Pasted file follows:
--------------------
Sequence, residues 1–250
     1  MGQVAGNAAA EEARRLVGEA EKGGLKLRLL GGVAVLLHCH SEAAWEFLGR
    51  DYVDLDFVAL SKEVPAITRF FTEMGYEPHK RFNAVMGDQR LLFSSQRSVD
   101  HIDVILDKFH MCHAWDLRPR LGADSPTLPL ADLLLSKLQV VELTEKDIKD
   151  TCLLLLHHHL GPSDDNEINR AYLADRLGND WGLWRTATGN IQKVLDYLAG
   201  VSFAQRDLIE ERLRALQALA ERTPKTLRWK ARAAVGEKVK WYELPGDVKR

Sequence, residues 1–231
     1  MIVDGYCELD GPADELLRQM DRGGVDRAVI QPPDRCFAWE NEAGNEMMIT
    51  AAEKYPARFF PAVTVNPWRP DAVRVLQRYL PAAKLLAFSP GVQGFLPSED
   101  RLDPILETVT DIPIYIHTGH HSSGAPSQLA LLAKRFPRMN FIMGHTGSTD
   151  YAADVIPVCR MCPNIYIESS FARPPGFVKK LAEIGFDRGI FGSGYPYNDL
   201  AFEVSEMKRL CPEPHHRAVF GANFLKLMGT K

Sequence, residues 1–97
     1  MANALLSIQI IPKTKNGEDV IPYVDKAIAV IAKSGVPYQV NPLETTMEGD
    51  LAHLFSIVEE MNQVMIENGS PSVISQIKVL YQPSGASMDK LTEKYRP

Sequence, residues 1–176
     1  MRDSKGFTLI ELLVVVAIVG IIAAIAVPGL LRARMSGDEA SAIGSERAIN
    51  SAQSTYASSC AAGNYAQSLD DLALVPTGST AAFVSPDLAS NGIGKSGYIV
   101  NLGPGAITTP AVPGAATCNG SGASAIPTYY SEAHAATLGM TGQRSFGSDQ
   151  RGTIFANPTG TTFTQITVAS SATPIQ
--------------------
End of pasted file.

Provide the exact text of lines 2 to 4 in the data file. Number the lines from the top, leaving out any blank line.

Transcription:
     1  MGQVAGNAAA EEARRLVGEA EKGGLKLRLL GGVAVLLHCH SEAAWEFLGR
    51  DYVDLDFVAL SKEVPAITRF FTEMGYEPHK RFNAVMGDQR LLFSSQRSVD
   101  HIDVILDKFH MCHAWDLRPR LGADSPTLPL ADLLLSKLQV VELTEKDIKD